Heavily Catholic Poland has joined the Vatican in criticizing a European court ruling against the display of crucifixes in Italian schools.

Polish President Lech Kaczynski said his country will never agree to remove crosses from its schools.

The Nov. 3 ruling by the European Court of Human Rights does not require that Poland remove the crosses that hang in most public schools. It could, however, eventually force a review of the use of religious symbols in government-run school across Europe.

The decision touched a nerve in Poland, where religious symbols were banned from public buildings under communist rule but embraced with the return to democracy 20 years ago as an expression of national sovereignty.

During Independence Day celebrations on Wednesday in Warsaw, Kaczynski said that "nobody in Poland will accept the message that you can't hang crosses in schools."

"One shouldn't count on that. Perhaps elsewhere, but never in Poland," said Kaczynski.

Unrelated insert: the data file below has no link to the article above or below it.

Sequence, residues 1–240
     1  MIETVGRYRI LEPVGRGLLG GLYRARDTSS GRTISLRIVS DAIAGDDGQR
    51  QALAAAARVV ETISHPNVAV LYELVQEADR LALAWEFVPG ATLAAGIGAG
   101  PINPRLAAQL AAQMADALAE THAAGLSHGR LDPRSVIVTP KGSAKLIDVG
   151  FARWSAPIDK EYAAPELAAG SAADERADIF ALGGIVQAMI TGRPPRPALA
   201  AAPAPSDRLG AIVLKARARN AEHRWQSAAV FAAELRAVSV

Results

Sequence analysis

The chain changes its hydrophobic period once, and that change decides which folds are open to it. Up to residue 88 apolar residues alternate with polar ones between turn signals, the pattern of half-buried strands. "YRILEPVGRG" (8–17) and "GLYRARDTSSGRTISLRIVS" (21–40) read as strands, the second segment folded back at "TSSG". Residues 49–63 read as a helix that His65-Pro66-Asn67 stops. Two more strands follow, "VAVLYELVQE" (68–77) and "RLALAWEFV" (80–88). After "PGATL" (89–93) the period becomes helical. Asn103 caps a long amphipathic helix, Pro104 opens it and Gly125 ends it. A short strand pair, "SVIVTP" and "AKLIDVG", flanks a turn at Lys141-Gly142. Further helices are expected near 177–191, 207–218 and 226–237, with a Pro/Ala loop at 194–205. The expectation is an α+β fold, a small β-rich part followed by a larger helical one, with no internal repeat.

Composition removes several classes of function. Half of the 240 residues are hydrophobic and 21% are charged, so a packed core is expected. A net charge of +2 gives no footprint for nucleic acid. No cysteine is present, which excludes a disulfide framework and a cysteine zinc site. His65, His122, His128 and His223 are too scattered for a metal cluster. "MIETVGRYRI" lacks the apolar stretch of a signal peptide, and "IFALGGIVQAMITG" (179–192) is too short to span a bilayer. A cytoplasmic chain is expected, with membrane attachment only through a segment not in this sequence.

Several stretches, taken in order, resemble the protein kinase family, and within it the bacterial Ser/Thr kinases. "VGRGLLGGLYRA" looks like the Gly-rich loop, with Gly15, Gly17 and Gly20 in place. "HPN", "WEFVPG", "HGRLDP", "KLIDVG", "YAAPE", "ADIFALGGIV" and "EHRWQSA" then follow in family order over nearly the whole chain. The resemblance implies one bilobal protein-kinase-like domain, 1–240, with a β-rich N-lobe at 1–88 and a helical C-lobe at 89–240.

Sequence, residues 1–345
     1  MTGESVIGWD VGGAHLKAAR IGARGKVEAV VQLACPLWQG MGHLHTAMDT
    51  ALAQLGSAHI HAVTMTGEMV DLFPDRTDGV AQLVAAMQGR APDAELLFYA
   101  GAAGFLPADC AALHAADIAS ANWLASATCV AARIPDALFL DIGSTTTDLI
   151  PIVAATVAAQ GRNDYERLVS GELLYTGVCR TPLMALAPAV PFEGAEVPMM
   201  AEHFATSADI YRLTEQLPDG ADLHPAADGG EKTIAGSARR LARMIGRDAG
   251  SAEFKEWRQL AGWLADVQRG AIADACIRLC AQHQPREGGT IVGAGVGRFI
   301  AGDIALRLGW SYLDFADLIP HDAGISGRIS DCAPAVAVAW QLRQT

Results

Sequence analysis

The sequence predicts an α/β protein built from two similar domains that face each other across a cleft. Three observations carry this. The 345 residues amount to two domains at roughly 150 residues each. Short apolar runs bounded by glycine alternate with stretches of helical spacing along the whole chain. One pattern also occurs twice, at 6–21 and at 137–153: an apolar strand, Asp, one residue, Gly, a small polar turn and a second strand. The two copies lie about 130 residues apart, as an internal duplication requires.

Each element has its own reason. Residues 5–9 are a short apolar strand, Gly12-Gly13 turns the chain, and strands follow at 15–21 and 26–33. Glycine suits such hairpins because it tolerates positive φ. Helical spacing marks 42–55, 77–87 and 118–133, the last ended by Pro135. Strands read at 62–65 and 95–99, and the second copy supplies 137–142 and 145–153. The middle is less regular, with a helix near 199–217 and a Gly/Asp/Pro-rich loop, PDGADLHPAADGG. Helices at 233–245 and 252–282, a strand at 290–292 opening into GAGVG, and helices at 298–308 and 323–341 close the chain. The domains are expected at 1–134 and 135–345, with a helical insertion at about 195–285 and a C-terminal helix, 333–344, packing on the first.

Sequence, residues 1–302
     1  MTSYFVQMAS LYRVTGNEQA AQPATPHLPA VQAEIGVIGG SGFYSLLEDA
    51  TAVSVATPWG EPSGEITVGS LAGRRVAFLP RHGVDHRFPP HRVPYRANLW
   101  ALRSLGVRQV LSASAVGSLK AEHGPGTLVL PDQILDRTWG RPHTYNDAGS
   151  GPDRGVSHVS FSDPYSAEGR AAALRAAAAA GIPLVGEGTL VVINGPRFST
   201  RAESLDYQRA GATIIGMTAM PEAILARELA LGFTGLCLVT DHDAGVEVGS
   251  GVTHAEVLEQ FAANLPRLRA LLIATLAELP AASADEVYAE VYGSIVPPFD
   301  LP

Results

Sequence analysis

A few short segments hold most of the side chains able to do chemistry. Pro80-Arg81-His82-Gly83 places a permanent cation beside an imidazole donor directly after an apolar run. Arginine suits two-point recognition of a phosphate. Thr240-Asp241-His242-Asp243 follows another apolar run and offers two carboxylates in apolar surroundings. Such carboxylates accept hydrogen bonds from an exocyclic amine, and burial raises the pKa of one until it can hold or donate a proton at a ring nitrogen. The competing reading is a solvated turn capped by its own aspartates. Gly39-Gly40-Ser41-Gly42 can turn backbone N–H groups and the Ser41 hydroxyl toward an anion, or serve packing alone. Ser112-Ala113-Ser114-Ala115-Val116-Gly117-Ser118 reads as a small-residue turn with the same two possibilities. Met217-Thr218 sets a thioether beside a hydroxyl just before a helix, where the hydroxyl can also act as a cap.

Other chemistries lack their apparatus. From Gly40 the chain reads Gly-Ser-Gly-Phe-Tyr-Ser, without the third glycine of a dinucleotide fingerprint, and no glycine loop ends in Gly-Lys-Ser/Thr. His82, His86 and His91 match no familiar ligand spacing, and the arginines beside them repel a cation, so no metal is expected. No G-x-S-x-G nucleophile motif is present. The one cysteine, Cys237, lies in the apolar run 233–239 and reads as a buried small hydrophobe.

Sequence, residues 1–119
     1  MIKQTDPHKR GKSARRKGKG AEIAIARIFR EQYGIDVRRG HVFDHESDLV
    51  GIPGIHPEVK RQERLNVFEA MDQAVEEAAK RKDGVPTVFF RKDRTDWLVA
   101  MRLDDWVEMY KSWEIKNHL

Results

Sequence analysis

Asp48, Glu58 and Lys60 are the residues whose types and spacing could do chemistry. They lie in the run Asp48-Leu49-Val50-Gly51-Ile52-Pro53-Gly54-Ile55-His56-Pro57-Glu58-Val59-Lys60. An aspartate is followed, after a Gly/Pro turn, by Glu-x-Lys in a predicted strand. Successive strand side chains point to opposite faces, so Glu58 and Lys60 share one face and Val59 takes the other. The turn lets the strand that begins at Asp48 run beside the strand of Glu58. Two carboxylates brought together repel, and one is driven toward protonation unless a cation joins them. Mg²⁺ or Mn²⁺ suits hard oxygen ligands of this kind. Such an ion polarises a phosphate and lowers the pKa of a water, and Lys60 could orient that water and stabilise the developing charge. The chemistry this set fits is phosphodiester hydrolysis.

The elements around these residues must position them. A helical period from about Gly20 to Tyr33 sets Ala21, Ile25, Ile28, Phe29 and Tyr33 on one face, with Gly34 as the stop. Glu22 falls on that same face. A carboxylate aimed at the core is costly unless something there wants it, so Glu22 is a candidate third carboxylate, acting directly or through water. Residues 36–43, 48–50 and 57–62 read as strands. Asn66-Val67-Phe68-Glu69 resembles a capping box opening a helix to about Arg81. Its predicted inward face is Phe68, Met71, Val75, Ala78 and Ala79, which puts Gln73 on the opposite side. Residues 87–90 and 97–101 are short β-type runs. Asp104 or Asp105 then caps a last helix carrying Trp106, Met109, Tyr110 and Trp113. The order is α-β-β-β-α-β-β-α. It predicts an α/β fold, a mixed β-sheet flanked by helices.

Lech Walesa, the pro-democracy dissident and former president — himself a believer who often wears a pin of St. Mary on his lapel — also defended his country's right to display a symbol central to the nation's Christian heritage.

"Minorities must know their place," Walesa said on Thursday during an interview with a TVN24 television station. "We must respect minorities but also protect the rights of the majority."

About 90 percent of Poles are Catholic, and regular church attendance today remains much higher than in more secular Western Europe.

Poles' strong identification with the church goes back centuries but in recent decades has been strengthened by Polish-born Pope John Paul II, who led the church for 27 years until his death in 2005.

The Vatican has also denounced the European court's ruling.